Concern health professionals from ethnic backgrounds lost to other countries

Zade Al-Ali is now in his fourth year at the European University in Cyprus.
Photo: Supplied

New Zealand could be losing diverse young health professionals to other countries.

Ethnic communities say it is common for the children of immigrants to study medicine and dentistry overseas. For some it’s the lure of bigger places and broader horizons, while for others it’s the capped number of spots in New Zealand universities.

Zade Al-Ali studied first year health science at Otago University, but couldn’t get into the dentistry course there, despite his good grades.

He’s now in his fourth year at the European University in Cyprus. He said he was one of many who’ve had to make the move.

“There’s a lot of people who, when I was studying at Otago, that I thought were very capable and very smart individuals and it’s quite sad when they don’t get accepted,” he said.

“A lot of people are very capable of becoming doctors and dentists.

“Once you’re in the degree, it kind of morphs you into becoming the practitioner that you wish to be.”

Arush is studying medicine at the University of Leeds in the United Kingdom. Like Zade, he had to move to pursue his career aspirations.

“I’d say it’s more difficult in New Zealand purely because New Zealand only has two medical schools, so the amount of people applying for medicine versus the amount of spots available, it’s a lot more competitive in New Zealand than it is here,” he said.

Ministry for Ethnic Communities chief executive Mervin Singham.

Ministry for Ethnic Communities chief executive Mervin Singham says there is not enough data on the issue.
Photo: Ministry for Ethnic Communities / Supplied

The phenomenon is something the Ministry for Ethnic Communities was aware of, particularly among Indian New Zealanders wanting to study medicine.

But chief executive Mervin Singham said there was not enough data.

“One of the challenges that we’ve got in this space, as generally with ethnic diversity, is a lack of statistics that give us a true picture of who’s coming, who’s going, how many and the reasons why.”

He said it was clear there were limitations for people wanting to study fields like medicine in New Zealand.

“The important thing is that we have diversity of workforce in the health sector, and I would say in the health sector in particular, because it’s so critical to people’s wellbeing,” he said.

“And I know that this ambition is shared with the Ministry of Health and the health sector generally.”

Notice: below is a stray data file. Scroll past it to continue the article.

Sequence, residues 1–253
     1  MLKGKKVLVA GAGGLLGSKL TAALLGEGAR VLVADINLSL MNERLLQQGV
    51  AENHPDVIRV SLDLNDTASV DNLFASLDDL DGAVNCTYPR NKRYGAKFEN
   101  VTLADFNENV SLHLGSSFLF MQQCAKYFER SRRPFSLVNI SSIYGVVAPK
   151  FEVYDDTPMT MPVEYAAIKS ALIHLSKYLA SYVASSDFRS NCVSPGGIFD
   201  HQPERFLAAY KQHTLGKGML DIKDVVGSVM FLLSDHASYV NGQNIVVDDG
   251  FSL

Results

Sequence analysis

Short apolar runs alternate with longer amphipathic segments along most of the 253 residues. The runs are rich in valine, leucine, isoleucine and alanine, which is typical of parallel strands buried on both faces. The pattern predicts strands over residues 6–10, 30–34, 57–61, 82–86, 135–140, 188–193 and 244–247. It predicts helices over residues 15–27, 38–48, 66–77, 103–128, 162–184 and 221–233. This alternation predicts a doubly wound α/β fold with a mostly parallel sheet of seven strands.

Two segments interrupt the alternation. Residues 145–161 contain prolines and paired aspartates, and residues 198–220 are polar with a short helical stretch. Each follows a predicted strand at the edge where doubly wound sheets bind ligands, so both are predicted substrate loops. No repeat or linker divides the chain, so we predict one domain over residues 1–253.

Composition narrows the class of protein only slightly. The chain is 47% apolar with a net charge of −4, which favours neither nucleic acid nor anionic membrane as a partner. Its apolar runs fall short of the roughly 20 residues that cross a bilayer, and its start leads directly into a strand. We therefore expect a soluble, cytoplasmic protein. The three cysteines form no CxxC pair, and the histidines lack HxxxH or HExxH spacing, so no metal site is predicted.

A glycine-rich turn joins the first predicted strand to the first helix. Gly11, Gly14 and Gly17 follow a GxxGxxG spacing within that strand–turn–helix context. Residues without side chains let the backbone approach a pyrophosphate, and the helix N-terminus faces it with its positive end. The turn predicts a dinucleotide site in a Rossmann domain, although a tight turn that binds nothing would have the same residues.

In a statement, the Dental Council said it did not collect information about second-generation New Zealanders immigrating overseas to pursue dentistry.

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Photo: AFP

The Medical Council stated it was not aware of this group going overseas to study medicine, but did note New Zealand had one of the highest proportion of overseas trained doctors in the world, at 41.5 percent.

And while Te Whatu Ora said it was aware of the trend, it only tracked practising doctor numbers, not how many applied nor where they were from.

So, why the trend among the children of immigrants in particular?

Arush said it could be because of cultural values around education and the type of immigrants allowed into New Zealand.

“Our parents had to struggle quite a lot to move from India to come to New Zealand, so the selection pressure was quite great on bringing those that are very well-educated over to the country and I believe that’s carried forward into our childhood and our education.”

Both he and Zade eventually want to work in New Zealand.

Te Whatu Ora said priority would always be given to people who trained here, but several recently announced initiatives would help internationally-qualified professionals.

It would also be looking at options for more clinical placements, alongside the Ministry of Health and the Tertiary Education Commission.

The agency said there were no plans to change numbers of dental students because they were not on the skills shortage list, but this would be reviewed in 2023.

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